“He has her scent,” Yaron said. “It’s a good sign.”

Birdie went through the yard and they followed the dog across the green, past the old Brady house, the first one built in Blackwell when the town was settled, where young Tom Partridge lived now. It looked different in the night, like a house she’d never been to before. They went round the yard, into the rear garden, the one that was never planted, for it had once been a burying ground. The dog stopped. Yaron knelt down again. He dug through the snow. The soil was red here, and there were climbing roses, frozen, buried inside a tall drift. Yaron accidentally pricked himself on some thorns and his blood dripped into the snow. Mary felt her heart leap. She wanted to move forward. Instead she backed away. The dog barked again, and Yaron scooped more snow. There was a scrap of fabric. Mary came to kneel beside him. She was trembling, but she forced herself to be steady. Yaron glanced at her, then quickly looked away.

“Oh,” Mary breathed. It was Amy’s poppet doll that they had sewn together only weeks ago. Amy was never without it. Mary sat back on her heels as though she’d been struck. The dog was headed toward the far end of the property.

Yaron stood and reached out his hand to Mary. She suddenly felt too young to be where she was, in the red garden on a cold, black night with a man she didn’t know. Freckles of snow were still falling. Later the wind would be fierce, but for now everything was silent. They could hear the dog trotting through the drifts.

“I don’t know,” Mary said softly. She wasn’t sure what she meant by her own remark. Did she mean she didn’t know if she could go on or where they should look? Or did she mean that she didn’t know what to think or feel?

“You don’t have to,” Yaron assured her. “The dog knows. All we have to do is follow.”

Mary took Yaron’s hand, and he helped her to her feet.

“Where are you from?” she asked as they trudged through the snow.

“We came here from Virginia. We’ll go west when we leave.”

The drifts were even taller here, so Yaron kept Mary’s hand in his to help her navigate the snow. His touch was so hot it was burning. They had come to the oldest apple tree in Blackwell. It was the only tree that had bloomed this season, despite the weather.

“Amy liked to play here,” Mary said. Then she fell quiet. She didn’t like the way she was talking, as if she already knew something it was impossible to know.


Yaron reached to snap a frozen branch from the apple tree and put it in his jacket pocket. “For my horse,” he said. “I’ll plant it where we go next.”

The dog ran back to them and bumped against Yaron’s legs. Yaron reached to pet Birdie, but the collie was already running ahead. They followed him for a long way, past the marshy acreage no one bothered with since it was of no use for pastureland or farming. Usually it was possible to hear the Eel River rushing at this time of year, but in the storm much of the river had been covered with a thin crust of ice. Tonight it was quiet.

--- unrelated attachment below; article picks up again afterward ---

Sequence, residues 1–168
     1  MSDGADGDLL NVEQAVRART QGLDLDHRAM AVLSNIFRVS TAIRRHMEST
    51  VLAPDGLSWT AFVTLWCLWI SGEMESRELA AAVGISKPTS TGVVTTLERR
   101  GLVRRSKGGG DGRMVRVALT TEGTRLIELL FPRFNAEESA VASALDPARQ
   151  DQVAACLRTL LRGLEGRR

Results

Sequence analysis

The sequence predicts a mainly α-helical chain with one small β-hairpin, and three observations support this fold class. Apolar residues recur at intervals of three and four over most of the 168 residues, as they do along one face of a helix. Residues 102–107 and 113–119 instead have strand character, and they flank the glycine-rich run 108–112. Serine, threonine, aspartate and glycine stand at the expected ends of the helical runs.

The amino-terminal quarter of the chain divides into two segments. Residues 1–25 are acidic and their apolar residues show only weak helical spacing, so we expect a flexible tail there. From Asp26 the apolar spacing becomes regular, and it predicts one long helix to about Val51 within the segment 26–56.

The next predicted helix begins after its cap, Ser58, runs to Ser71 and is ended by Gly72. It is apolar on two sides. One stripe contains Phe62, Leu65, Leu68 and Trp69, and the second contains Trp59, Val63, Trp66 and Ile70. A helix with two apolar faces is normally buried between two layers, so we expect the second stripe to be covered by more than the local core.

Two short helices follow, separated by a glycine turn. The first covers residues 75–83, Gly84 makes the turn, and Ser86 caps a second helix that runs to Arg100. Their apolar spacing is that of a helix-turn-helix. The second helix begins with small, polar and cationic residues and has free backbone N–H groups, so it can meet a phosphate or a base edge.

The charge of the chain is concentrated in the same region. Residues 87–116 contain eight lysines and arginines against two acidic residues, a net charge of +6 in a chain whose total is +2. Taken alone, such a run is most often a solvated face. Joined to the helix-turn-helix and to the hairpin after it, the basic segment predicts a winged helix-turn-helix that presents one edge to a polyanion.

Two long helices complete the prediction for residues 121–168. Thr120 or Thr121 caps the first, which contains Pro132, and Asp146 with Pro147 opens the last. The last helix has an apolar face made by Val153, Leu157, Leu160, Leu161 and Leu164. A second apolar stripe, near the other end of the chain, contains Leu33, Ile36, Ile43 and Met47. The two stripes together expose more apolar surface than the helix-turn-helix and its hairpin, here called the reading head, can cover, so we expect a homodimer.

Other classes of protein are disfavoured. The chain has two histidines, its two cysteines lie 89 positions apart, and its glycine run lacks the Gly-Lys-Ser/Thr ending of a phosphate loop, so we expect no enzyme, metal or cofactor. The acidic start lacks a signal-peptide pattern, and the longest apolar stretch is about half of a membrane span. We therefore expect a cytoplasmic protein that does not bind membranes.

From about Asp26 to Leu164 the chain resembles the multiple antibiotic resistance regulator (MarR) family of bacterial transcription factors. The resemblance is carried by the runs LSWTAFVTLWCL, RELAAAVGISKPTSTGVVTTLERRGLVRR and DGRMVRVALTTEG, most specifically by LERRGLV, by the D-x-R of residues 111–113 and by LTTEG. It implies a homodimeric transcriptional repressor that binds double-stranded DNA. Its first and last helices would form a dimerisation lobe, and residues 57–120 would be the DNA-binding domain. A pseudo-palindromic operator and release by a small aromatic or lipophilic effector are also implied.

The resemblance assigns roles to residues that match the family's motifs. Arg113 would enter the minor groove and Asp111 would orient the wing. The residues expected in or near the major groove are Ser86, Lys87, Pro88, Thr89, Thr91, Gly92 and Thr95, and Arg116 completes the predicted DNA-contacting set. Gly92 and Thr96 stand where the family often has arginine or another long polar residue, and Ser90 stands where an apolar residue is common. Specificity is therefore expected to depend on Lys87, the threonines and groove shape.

Mary drew closer to Yaron. He was twenty-two or -three, a man of the world, whereas Mary had never been as far as Lenox. She’d never been outside of Blackwell, except for the times when her father had taken her on expeditions to Hightop Mountain, to look for insects and ferns and the scat of wild creatures that would reveal their diet. She felt like a stranger in a strange land, one of the people the pastor spoke of in his sermons, someone who had wandered very far from home.

The dog was padding back and forth along the riverbank, yelping. Then he stood in one place. Mary went to follow, but Yaron stopped her.

“Let me go,” he said.

Mary, who was unafraid of the dark, found she was now frightened. She watched Yaron lope over to his dog. He knelt down to pet the collie, speaking to him softly. Mary wanted to know what he was saying, she wanted to kneel there beside him. Yaron got up and threw a look behind him that troubled her. Then he plunged into the river.

It shocked her to see him disappear beneath the ice. Mary made a gasping noise even though she wasn’t the one who’d gone under. She felt that her heart had stopped. The dog raced back and forth on the bank, barking, beside himself at the disappearance of his master. Mary stood there for a second, then she raced to the river. Everything was going fast, the way clouds flew past in a storm, the way snow fell in a blizzard. Yaron was gone, with broken ice flowing in a circle in the place where he had dived in.

Mary stood at the edge of the river, her boots wet. She went deeper still, up to her knees. The water froze her to her bones. She could feel herself sinking into the mud. Through the ice she thought she saw an enormous blue fish. It was like the fish in a dream, the sort you can never catch. Then there was a shadow and the ice broke. Yaron surfaced holding the fish, which was her sister, dripping with water, blue in his arms.

Most Popular